Words, to me, are like water; they are life-giving and essential. I drink them in deep to make sense of the world with in me and around me. Gentle like the trickle of a playful stream and powerful like the torrent of crashing waves in a violent storm through rain, snow or ice, water like words hold magic in the ability to take many forms. Words matter and defining and clarifying why within our great lexicon is especially important when raising children with special needs.
One of my greatest personal griefs as a mother is the loss of connection with my daughter over my love of words. Language for her is foreign. The nuances of language are dull and imperceptible; it is like trying to discern stars in the orange-brown of the light polluted sky—it all becomes muddy. To me words are sharp and precise with a woven tapestry that is like a picturesque view of the Milky Way through the most detailed of telescopes. Nevertheless, words matter and there are certain lessons nuances that must be not only be taught explicitly through definition but also breathed into life and experience for her and all our benefit over and over again.
There is a difference between secret and private.
Foundationally and fundamentally this distinction must be infused in the fabric not only of our lexicon but of our lives; it is important for everyone and it is exquisitely so for us. The difference is far reaching with impact both practical and abstract.
By definition, a secret is never meant to be shared with others; it is the burden of one or a very selective few to carry. Whereas, private is something belonging to someone or a group that is chosen not to be shared with others.
Even for a wordsmith, this nuance can entangle. Here is why it matters: our struggles are not a secret; they are private and that means we choose who, when, where, and how we share them because they are shareable–meant to be seen and carried by others. Secrets are the breeding ground of shame and the enemy of vulnerability. Queue the Queen, Brené Brown.
Special needs, mental illness, significant sickness and the like have been relegated to the dark shadows of society–institutions, the homeless we walk by trying not to make eye contact, religious charities, etc. If one had a family member with epilepsy, autism, intellectual disability, rare disease, then it was not meant to be known; it was a secret and with that secret carried great shame.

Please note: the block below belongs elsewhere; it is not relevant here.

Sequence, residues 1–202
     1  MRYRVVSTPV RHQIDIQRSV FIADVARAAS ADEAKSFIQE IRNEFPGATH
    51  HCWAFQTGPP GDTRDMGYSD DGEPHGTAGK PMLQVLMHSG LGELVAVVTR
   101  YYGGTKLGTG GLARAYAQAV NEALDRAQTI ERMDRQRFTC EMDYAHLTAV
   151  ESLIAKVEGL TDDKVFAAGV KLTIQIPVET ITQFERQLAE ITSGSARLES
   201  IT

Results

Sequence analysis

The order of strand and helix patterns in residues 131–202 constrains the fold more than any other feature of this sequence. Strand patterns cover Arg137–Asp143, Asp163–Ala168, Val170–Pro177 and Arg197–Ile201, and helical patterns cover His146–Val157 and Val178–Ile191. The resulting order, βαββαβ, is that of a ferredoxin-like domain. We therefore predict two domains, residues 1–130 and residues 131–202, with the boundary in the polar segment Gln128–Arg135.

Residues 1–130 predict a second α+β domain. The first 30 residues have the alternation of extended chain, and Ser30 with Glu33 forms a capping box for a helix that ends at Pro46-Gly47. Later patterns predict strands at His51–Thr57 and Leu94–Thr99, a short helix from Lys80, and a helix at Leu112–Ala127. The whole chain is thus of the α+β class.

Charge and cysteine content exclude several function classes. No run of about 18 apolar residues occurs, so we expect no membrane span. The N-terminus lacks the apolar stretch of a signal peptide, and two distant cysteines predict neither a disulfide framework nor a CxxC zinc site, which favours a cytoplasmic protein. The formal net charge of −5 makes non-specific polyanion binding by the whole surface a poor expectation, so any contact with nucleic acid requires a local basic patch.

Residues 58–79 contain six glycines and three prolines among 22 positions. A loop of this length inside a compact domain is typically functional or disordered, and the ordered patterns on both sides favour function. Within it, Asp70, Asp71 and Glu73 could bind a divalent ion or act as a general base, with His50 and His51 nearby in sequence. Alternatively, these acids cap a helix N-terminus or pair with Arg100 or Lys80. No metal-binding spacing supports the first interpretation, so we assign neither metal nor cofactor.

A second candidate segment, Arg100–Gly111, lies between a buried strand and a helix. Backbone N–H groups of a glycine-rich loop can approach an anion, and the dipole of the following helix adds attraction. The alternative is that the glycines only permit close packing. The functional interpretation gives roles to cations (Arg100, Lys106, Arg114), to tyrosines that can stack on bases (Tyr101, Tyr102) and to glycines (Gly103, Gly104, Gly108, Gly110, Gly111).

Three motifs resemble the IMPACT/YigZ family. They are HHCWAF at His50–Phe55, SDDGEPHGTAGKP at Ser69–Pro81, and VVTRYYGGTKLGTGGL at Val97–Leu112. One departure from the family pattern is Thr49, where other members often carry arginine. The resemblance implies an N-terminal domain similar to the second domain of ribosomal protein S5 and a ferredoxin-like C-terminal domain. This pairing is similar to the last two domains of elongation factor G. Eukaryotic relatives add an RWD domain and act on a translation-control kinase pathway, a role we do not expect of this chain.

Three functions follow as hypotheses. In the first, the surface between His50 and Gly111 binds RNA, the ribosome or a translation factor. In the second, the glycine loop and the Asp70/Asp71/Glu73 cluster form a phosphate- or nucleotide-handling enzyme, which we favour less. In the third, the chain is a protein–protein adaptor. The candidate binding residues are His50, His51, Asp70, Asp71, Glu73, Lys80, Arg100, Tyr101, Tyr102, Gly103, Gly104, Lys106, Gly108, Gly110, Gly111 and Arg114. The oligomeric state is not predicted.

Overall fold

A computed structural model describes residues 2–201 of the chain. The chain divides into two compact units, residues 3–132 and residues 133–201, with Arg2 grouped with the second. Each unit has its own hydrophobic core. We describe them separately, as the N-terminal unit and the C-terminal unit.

We have made great progress in the past hundred years in our society and we are still living in a society that treats disability as if it is a secret. We speak of disability in ablest terms: overcoming, beating, fighting, etc. It is as though we are constantly expecting those living with disability and their able bodied family to beat back that which is integrally a part of them and the fabric of their lives, of their family dynamic, into the shadow; to make it secret again.
Our struggles are not secret they are private. They belong to us and we choose who we honor with their sharing. We do so in a safe and planned manner that shares what we want when we want. In doing so I commit to sharing what is mine. That means I share my experience as a mother of children with Tuberous Sclerosis Complex (TSC), autism, epilepsy, cortical visual impairment, dyslexia, AHDH, and more. It means when I give pieces of my children away to others I ask myself first would I want this told about me; I ask this not because there is something to be ashamed of but because I respect their privacy and their choices. And, in asking myself these questions I am teaching them the meaning of privacy.
We must speak this to life; if we do not then it becomes secret. For a child whose neurology does not afford them the regulation to keep their experiences internal in public (read: meltdowns), it is vital to empower them with the understanding, empathy, and deep compassion that it is okay, more than okay, to be seen during struggle. We all struggle and that it is not secret. Their struggles, just because they may be more intense, loud, violent, scary, public, are not secret or more shameful than others. This also means we as parents must work to afford our children as much privacy as they want and makes them feel comfortable.
The lesson of secrecy versus privacy breathes agency to life. The impact is far reaching. When a child knows that their body is private not secret they also know no one should transgress against it. This is vitally important for children with special needs who are more vulnerable to abuse and potential sexual predators. For a child with autism who has hard and fast, black and white rules for language and living it is life saving to teach that secrets are never ok and private and privacy is a right that is all theirs.
The life giving water of words suits me. It is a babbling brook that feeds my family and protects them. It gives them shelter and private place to pour out their deepest selves.